PROPONENTS of public funding for congressional campaigns have just seen their task get more difficult.
Legislation to reform campaign finance passed last week by the Senate does provide for some public funding in campaigns. But to end a three-week filibuster that threatened to kill the bill altogether, Democrats had to bargain away most of the public money, which was aimed at "leveling the playing field" for underfunded challengers and reducing the role of special interests in funding candidates.
That takes the onus off the House to pass a bill providing for public financing, because members know the Senate would not buy it in a final conference on the bill. Most House Republicans and Southern Democrats oppose public financing of campaigns, calling it "food stamps for politicians." Combined, they can sink legislation.
"The House was always the more difficult body" on public money in campaigns, says Ellen Miller, executive director of the Center for Responsive Politics (CRP), which tracks the flow of campaign money. "Given the Senate's cave [in] on public financing, it's gone."
Common Cause, another group that favors public financing of campaigns, put a positive spin on the just-passed Senate bill. Even though the "essential element" of public financing was removed, the group said, it contained other praiseworthy reforms, such as a ban on donations from special-interest political-action committees (PACs) and a provision for discount advertising for candidates who agree to limit spending.
If the PAC ban is found unconstitutional as an infringement of free speech, as is expected, the bill contains a backup provision to cut the limit on PAC contributions from $5,000 to $1,000. Common Cause says that if such a limit had been in place in the last election, about two-thirds of PAC contributions to Senate incumbents would have been eliminated.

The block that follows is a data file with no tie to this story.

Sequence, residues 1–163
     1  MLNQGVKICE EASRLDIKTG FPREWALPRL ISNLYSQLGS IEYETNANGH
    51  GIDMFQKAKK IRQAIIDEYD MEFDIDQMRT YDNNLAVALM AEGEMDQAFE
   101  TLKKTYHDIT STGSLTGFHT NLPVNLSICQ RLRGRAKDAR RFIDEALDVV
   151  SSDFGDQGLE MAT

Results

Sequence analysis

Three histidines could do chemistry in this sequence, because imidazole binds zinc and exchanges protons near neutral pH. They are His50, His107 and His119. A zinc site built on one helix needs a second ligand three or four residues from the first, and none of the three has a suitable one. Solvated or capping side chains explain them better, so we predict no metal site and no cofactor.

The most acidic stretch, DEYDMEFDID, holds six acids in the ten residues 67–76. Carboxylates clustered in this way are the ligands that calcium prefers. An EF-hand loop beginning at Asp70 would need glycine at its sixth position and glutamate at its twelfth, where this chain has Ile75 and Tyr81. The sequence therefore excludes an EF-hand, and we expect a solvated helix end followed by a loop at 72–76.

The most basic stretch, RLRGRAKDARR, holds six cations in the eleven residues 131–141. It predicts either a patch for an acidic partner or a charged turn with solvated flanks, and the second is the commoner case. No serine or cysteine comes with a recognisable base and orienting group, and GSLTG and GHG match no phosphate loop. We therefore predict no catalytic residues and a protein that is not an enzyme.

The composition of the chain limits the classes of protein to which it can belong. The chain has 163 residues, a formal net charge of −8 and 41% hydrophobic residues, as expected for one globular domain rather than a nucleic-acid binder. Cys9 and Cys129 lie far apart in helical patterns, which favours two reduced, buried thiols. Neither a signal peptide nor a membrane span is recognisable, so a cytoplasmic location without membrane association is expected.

"Even though they took out public financing, we felt this bill was strong enough to support," says Mike Mawby, a lobbyist for Common Cause. "We knew the choice was either going with this legislation or nothing."
Other public-financing advocates are less charitable. "There is an argument for incrementalism, in not trying to do too much too fast," says Joan Claybrook, president of Public Citizen. "But this bill [provides] very little improvement. And I'm fearful that it's unconstitutional."
A Democratic aide working on the House bill says that, with public trust in Congress at a low, the best opportunity for serious reform is being lost. The Senate-passed bill means "we're left with white men raising money from white men," says the aide. "If PACs are banned, [members] will just look harder for large individual contributions. It's an elitist formulation that excludes people of color and other minorities."
House Speaker Thomas Foley (D) of Washington echoes these views, albeit in less-colorful language. He argues that PAC donations are preferable to large individual contributions because reporting rules make the PACs easier to track.
In another sign that public financing is likely doomed in the House, Rep. Mike Synar, a liberal Democrat from Oklahoma, joined with a bipartisan group of House colleagues Friday in introducing alternative campaign-finance legislation. The bill contains no public financing and no spending limits. Instead, it lowers the limit on contributions from individuals to $100, down from $500, and from $5,000 to $1,000 for PACs.
In contrast, President Clinton's bill, which the House Democratic leadership supports, would provide public funding to cover one-third of a House candidate's costs if the contender agrees to limit spending to $600,000. The other two-thirds of financing would be divided evenly between PAC money and individual donations.
Mr. Clinton's bill would pay for public financing by taxing campaign contributions at the highest corporate rate if a candidate did not agree to spending limits. Clinton also proposes to raise revenue by removing the tax deductability of lobbyists' expenses.
The Senate bill bans lobbyists from making donations to candidates and from lobbying members they've contributed to within the past 12 months. But advocates of campaign reform argue that this is less significant than meets the eye. According to the CRP, registered lobbyists account for only 1.7 percent of total contributions to congressional candidates.